Game 5: Lightning 3, Capitals 2 | May 19
The Capitals dug themselves into a hole with a listless first period and a third goal 33 seconds into the second. It was too much to overcome despite a frantic comeback attempt and left them on the brink of elimination.

Game 6: Capitals 3, Lightning 0 | May 21
With no margin for error, the Capitals turned in a near-flawless performance, getting two goals from T.J. Oshie and another from Devante Smith-Pelly and 24 saves from Holtby in his first shutout of the season.

Game 7: Capitals 4, Lightning 0 | May 23
Ovechkin scored the first goal, Andre Burakovsky scored two in the second period, and Holtby stopped 29 shots for his second straight shutout of the Lightning, which had led the NHL in goals during the regular season. Washington advanced to the Stanley Cup finals for the first time since 1998.

[ The series of events that led to Washington’s first Stanley Cup ]


Stanley Cup Champions: Capitals vs. Golden Knights

Game 1: Golden Knights 6, Capitals 4 | May 28
The Stanley Cup finals opened with Vegas-like flair, with the lead changing a finals-record four times. The Capitals had leads of 2-1 and 4-3, but both were short-lived. Tomas Nosek scored the winner midway through the third period and then iced the game with an empty-net goal with three seconds left.

Game 2: Capitals 3, Golden Knights 2 | May 30
The first Stanley Cup finals victory in Capitals franchise history came in unlikely and iconic fashion. The winning goal was scored by Brooks Orpik, who hadn’t scored in his previous 220 games, and the lead held up when Braden Holtby made what Jay Beagle called “maybe the save of a lifetime,” sprawling to his right to stop Alex Tuch at point-blank range with two minutes left.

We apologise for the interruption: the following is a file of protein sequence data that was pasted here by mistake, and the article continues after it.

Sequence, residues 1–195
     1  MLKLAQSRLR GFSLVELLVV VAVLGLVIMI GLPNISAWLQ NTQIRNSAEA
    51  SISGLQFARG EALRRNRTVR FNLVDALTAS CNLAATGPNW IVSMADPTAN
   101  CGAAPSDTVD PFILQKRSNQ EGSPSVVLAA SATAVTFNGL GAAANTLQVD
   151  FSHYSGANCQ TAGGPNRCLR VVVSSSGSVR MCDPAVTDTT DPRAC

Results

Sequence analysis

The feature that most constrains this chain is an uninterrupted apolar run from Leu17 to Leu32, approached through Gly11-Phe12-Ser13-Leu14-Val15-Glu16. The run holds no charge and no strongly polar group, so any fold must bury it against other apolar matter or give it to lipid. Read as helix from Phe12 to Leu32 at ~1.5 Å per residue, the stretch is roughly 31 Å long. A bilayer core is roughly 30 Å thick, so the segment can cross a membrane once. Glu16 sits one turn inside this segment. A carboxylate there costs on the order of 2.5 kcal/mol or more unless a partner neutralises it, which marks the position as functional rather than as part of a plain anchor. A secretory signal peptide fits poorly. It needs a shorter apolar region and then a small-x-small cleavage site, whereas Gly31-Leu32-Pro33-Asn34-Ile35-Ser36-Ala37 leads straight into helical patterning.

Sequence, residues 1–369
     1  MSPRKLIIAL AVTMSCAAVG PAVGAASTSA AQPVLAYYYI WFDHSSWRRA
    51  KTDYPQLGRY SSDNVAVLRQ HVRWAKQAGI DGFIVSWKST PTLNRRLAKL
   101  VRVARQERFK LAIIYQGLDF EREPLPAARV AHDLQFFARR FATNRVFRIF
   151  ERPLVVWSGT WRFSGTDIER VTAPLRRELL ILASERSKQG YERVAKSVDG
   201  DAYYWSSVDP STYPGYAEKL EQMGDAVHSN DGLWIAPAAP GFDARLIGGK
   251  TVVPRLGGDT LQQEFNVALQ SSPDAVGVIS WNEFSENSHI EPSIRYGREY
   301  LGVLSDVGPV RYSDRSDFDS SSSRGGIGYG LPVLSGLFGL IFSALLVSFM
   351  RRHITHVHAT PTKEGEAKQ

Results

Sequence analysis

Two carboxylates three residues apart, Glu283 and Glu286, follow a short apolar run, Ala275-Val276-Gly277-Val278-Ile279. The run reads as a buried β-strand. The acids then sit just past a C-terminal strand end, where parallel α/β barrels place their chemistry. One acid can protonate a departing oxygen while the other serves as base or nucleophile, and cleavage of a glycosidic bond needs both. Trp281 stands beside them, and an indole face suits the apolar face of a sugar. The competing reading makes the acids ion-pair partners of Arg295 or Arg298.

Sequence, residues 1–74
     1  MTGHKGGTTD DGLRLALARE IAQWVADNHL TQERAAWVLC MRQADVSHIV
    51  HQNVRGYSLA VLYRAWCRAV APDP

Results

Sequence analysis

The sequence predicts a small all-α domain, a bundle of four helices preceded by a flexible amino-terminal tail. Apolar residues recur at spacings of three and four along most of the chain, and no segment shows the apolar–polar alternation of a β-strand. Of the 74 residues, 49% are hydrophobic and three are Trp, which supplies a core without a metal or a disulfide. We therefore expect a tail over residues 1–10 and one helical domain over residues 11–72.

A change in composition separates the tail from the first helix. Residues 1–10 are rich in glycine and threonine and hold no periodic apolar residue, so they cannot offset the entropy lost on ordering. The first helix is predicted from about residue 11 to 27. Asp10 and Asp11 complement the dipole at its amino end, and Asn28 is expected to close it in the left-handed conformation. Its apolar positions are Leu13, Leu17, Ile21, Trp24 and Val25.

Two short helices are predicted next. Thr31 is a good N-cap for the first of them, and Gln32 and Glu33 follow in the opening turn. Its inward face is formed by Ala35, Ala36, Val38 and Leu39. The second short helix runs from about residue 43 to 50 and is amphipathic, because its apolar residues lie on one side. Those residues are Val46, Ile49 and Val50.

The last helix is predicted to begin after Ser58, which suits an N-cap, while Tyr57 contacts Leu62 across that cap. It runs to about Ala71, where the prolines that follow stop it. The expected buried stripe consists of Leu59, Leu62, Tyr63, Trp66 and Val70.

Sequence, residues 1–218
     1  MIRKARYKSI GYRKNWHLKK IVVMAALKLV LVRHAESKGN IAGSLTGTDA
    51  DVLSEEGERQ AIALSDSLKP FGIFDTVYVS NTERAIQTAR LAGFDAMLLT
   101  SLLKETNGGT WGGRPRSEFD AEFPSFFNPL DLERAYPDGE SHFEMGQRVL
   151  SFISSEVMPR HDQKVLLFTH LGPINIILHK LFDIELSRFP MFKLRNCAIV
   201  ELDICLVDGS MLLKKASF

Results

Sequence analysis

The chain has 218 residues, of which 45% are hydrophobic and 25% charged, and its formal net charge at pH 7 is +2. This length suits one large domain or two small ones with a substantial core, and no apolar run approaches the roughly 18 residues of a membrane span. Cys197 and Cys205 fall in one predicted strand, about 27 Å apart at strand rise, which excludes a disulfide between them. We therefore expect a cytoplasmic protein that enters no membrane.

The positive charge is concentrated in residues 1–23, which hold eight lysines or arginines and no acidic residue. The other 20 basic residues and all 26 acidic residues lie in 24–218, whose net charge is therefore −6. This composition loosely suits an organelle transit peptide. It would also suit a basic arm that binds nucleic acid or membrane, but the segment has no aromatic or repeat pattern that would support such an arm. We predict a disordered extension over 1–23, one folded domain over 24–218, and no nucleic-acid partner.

Game 3: Capitals 3, Golden Knights 1 | June 2
Alex Ovechkin gave Washington fans something they’d never seen before: a home Stanley Cup finals victory. Ovechkin dove to knock in a loose puck for the first goal of the game, and Devante Smith-Pelly put it away with a third-period goal after Nosek had cut the deficit to one. Holtby stopped 21 of 22 shots.

Game 4: Capitals 6, Golden Knights 2 | June 4
Washington took control of the series with a dominant performance before a jubilant crowd. The Capitals scored three goals in the opening period, and John Carlson made it 4-0 entering the second intermission. Vegas showed signs of life, James Neal and Reilly Smith getting the Golden Knights within two goals, but Michal Kempny and Brett Connolly snuffed out any comeback hopes with goals in the final seven minutes.

Game 5: Capitals 4, Golden Knights 3 | June 7
The Capitals won the first Stanley Cup championship in franchise history in appropriate fashion: with plenty of drama. After a scoreless first period, Jakub Vrana struck first, and after former Capital Nate Schmidt tied it for Vegas with a deflected goal, Ovechkin immediately answered on a power play to make it 2-1. The Golden Knights scored twice more before the intermission to take a 3-2 lead, setting the stage for the heroics of Smith-Pelly and Lars Eller, whose goals set off celebrations in Washington.

Credits: Story by Washington Post Staff. Designed by Brianna Schroer.